There’s a moment in the first episode of the new series of The Voice, when Rita Ora, the UK’s answer to Rihanna, is so struck by a singing firefighter, she slips off her chair and collapses on the floor in pure delight.
Whether she spins her chair around for him or not, you’ll have to wait and see - but the newest coach on the block has wasted no time in making an impact.
“Rita’s brought a sassy naughtiness with her,” says the show’s host Emma Willis.
“She’s jumped in head first, and she’s loved it,” adds her co-host and former JLS member Marvin Humes.
The lady herself, who replaces Kylie as the only female coach, is looking super-sassy today at the show’s launch, her long blonde hair slicked back at the sides and rocking a pink tux jacket over a black leather cami.
At 24, she’s the youngest in the line-up and takes her place in the now famous high-backed red chairs, between Sir Tom Jones, a good 50 years her senior, and her friend and collaborator will.i.am, 39, who’s a big part of the reason she’s here today.
“Will’s so sweet. He’s been my soldier since I first met him. He was the first famous guy I ever worked with [back in 2008]. He had a lot to do with convincing me to do it, and now I’m really grateful because I love the show,” she reveals.
She wasn’t, as all the headlines have it, ever offered a role as a judge on The X Factor - and is keen to “put all this turning down stuff to rest”, once and for all.
“Being a guest judge on X Factor was awesome, but it’s about The Voice now and I committed to this show because not only did it work for me work-wise, but I love Will. He’s my good friend and it felt necessary to join something I was really comfortable with.
“I never actually got offered a job on X Factor, so I never turned Simon [Cowell] down, it’s not like that at all - this just worked really well for me.”
It’s clear she’s been a breath of fresh air for the other coaches - who, as Humes puts it, all have a “genuine chemistry”.
Sir Tom sums up her potentially viewer-boosting appeal: “She’s young, she’s getting hit records and she’s a fashion icon - she’s right there at the moment, which is important, because that chair is a big chair for one female among three men. She fits the bill that young performers can relate to - she’s living proof of it.”
As 36-year-old Kaiser Chief Ricky Wilson puts it: “Everyone’s heard of Rita Ora, but no one’s really met her properly yet. I think this is going to make her a lot of friends, because she’s really genuine.”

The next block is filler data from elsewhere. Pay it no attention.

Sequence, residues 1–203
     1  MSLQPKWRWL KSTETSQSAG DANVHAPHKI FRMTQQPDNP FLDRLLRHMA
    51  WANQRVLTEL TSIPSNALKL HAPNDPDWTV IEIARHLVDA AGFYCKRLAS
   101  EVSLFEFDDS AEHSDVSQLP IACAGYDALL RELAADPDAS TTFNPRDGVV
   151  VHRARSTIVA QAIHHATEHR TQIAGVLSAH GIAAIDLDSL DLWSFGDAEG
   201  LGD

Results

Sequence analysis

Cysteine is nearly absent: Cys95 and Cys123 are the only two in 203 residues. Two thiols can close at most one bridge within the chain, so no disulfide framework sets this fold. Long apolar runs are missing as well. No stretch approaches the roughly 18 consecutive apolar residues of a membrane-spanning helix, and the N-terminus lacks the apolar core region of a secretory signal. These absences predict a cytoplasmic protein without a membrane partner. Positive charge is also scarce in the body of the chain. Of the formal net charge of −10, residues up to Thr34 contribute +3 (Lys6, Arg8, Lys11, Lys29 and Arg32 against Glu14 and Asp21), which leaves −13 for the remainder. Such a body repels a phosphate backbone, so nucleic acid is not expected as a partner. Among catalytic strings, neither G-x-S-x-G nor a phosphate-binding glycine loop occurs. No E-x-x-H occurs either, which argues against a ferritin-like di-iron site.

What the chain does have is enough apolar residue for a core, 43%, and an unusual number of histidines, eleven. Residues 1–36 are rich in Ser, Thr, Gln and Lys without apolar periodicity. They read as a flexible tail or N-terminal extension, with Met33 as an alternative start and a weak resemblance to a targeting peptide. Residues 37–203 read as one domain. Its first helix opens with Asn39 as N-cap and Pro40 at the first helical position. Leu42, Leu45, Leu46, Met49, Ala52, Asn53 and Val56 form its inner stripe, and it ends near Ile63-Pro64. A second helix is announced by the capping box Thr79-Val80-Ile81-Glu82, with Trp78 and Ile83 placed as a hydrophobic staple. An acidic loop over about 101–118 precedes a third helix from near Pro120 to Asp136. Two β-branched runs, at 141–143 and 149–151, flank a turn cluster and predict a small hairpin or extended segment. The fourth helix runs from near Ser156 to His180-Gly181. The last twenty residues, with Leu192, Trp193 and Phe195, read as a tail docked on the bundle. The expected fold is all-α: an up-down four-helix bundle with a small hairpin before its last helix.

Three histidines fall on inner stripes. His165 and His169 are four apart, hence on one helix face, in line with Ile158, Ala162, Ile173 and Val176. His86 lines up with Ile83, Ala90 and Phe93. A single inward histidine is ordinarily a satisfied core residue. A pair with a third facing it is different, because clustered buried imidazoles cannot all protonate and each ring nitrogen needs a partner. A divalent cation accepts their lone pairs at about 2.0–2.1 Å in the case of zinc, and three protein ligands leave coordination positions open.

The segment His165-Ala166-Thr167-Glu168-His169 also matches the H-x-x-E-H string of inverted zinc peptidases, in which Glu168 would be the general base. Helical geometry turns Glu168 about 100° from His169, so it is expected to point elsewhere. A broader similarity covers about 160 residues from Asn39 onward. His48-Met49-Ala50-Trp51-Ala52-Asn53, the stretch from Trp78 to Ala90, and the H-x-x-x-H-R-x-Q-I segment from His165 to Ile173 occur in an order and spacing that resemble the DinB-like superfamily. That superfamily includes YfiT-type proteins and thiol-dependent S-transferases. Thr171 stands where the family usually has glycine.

While she may already have had four number one hits under her belt, and a part as Christian Grey’s sister in this year’s Fifty Shades Of Grey movie, the Yugoslavia-born star [Ora and her family moved to the UK when she was a baby] admits she was nervous about The Voice at first. “I didn’t know what to expect, but I’m really excited because this is the moment to really show people what I’m like - fun, outspoken, and I try to make people feel comfortable.”
That involves, she admits, flirting a little. “It’s always harmless. I like to make people feel comfortable, regardless of the situation. No one really did that for me and I wish they did, so it’s about cracking the ice so they can do what they came here to do, which was to blow us away.”
Some of this year’s contestants do just that, while others aren’t so lucky - in the first episode of blind auditions, there’s a 24-year-old Irish opera singer, the Scottish firefighter, Kym Marsh’s 16-year-old daughter Emilie and 48-year-old Paul Cullinan, who played Bungle in Rainbow.
“They’re all unique, no copycats - a lot of people on this show have their own sound,” says Sir Tom.
The format is the same as last year: first the blind auditions, where the coaches can only hear the singer and have to decide whether to hit their button and spin their chair around; then the battle rounds, where the coaches pair their acts up to sing together; and the knockouts, where teams are whittled down to three for the live finals, when the finalists face the public vote.
Since the show started in 2012, there have been three winners, but none of them have made much of an impact on the music scene - yet. Last year’s winner, Jermain Jackman, is set to release his debut album in March.
“The show needs to produce a star,” says will.i.am. “Not for credibility, the show is already credible, but if it was able to produce a star, it would legitimise the whole talent search contest.”
While he thinks the show has “the best concept out of all the frickin’ shows”, he blames poor timing for the lack of interest in the former winners’ albums.
“When the show goes off, there aren’t songs ready for people to sing, and in the time it takes you to record those songs, people’s attention span is gone.
“The window to hit should be, ‘Oh my gosh, the winner is... and here’s the hit!’”
But even with an album deal, warns Sir Tom, there’s no “guarantee of a hit record”, and the winners still have a lot of hard work ahead of them.
“When you get a record contract, that’s just the first step. We all hope for hit records - I still do and I’ve been in it for a long time. But we don’t know what the public are going to like, and I tell the contestants, ‘If you get the record contract, don’t think you’re going to get a hit record right away. It’s about getting the right song, and established stars have trouble with that. It’s not just because you’re new’.”
But Wilson believes people “keep coming because they want to be on this show - they know it’s not a superstar factory”, he notes.
Whether The Voice 2015 will produce a superstar remains to be seen, but one thing’s certain: it’s going to be one hell of an entertaining ride.